EnlargeHillary Clinton sits with her husband former President Bill Clinton as they attend a ceremony after walking in a Memorial Day parade(Credit: AP)
It’s zombie time at campaign Hillary. Behold the dead men walking! It was with strangely slow, narcotized numbness that the candidate and her phalanx of minions and mouthpieces responded to last week’s punishing report by the State Department’s Inspector General about her email security lapses. Do they truly believe, in the rosy alternate universe of Hillaryland, that they can lie their way out of this? Of course, they’re relying as usual on the increasingly restive mainstream media to do their dirty work for them. If it were a Republican in the crosshairs, Hillary’s shocking refusal to meet with the Inspector General (who interviewed all four of the other living Secretaries of State of the past two decades) would have been the lead item flagged in screaming headlines from coast to coast. Let’s face it—the genuinely innocent do not do pretzel twists like this to cover their asses.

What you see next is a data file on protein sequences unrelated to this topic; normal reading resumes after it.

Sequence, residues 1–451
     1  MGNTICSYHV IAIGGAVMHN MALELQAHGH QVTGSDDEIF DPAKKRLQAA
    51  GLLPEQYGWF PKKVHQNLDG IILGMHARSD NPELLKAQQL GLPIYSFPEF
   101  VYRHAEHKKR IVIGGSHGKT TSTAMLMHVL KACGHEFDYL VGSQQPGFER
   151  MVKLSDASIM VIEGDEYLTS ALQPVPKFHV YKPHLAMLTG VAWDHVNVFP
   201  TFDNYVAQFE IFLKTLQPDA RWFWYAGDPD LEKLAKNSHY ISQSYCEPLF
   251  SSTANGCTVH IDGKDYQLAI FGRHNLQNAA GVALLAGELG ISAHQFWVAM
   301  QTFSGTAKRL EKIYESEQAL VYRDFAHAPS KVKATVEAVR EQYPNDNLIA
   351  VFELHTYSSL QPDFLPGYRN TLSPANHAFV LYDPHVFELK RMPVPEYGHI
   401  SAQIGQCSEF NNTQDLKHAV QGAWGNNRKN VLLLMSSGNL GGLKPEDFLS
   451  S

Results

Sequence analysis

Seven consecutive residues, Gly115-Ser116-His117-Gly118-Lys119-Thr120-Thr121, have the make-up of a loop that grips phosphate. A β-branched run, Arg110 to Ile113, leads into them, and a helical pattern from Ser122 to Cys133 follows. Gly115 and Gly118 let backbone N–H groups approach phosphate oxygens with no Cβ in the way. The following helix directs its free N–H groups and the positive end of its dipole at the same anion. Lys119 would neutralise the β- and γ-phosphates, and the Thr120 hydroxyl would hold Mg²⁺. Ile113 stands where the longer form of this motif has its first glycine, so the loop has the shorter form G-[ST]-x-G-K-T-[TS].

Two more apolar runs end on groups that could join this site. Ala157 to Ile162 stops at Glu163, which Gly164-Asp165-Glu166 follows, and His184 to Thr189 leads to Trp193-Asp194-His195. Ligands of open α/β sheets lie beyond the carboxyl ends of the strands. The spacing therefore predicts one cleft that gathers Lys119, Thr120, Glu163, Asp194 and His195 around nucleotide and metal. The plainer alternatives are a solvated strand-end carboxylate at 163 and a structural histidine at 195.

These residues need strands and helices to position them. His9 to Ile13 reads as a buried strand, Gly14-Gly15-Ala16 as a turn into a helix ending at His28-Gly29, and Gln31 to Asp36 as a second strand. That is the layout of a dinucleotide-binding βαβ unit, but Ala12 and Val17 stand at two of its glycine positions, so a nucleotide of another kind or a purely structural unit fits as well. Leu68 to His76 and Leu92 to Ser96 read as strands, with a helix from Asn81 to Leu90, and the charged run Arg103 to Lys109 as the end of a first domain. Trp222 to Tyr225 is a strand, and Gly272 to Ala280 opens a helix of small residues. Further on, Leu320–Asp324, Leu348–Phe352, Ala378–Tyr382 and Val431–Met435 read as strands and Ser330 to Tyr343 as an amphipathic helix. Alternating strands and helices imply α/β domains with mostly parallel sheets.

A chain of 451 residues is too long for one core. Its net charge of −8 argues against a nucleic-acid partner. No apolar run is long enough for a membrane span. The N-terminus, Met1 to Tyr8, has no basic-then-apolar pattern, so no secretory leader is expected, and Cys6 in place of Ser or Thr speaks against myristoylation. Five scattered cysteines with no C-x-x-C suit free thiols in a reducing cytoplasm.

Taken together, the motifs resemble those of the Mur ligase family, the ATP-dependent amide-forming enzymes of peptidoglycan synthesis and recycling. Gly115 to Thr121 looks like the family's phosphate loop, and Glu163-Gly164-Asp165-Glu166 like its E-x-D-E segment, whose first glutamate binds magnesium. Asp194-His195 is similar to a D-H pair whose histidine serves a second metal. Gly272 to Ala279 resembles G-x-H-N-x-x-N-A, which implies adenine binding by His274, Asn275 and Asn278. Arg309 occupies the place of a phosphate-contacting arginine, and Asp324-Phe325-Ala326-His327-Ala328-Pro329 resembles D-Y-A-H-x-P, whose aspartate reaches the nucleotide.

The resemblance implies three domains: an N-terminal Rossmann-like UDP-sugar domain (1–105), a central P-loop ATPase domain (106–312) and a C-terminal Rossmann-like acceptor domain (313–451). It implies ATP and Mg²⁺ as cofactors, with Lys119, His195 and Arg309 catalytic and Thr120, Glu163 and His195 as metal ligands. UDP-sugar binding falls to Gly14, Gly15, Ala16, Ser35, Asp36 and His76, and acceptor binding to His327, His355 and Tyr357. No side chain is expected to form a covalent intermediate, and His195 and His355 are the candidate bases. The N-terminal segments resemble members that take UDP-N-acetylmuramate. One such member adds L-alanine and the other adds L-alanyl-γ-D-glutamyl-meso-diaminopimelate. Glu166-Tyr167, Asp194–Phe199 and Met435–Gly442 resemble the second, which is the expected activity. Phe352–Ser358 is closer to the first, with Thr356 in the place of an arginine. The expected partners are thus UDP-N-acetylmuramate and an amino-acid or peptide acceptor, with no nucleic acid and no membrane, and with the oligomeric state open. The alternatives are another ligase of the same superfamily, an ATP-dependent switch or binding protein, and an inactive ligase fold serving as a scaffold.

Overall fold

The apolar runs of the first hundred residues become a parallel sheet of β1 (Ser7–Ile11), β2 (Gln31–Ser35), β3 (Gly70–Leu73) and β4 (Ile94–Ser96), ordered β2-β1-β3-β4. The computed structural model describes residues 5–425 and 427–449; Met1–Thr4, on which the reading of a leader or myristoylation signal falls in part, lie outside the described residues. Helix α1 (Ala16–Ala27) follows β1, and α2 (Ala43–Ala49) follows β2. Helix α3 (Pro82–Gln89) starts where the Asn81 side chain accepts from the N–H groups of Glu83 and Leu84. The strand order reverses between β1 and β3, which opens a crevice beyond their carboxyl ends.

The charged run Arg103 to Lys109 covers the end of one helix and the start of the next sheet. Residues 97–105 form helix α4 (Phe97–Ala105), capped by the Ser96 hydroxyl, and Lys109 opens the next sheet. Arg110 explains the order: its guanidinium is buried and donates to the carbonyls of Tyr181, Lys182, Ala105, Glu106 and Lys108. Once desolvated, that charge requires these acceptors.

Meanwhile, former Bill Clinton advisor and pollster Douglas Schoen gave the strongest signal yet in a Wall Street Journal op-ed this week (“Clinton may not be the nominee”) that worried backstage huddles in the Democratic party establishment are reaching fever pitch. The article’s floating of the idea of a Joe Biden-Elizabeth Warren substitute ticket (which I’ve been privately predicting to friends all year) is so evenly and magisterially phrased that I wondered if the text had been vetted by an approving White House. So this may be why Bernie Sanders (my candidate) has gone into overdrive—not to damage Hillary, as her acolytes spitefully claim, but to fight off the tactical insertion of Biden at the Democratic Convention in Philadelphia. Sanders could rightly claim, on the basis of his long and strenuous primary campaign, that if anyone deserves the nomination vacated by a tarnished Hillary, it is he. If Sanders does defer to Biden, it will only be via enormous concessions, beginning with the unceremonious removal of devious DNC chair Debbie Wasserman Schultz.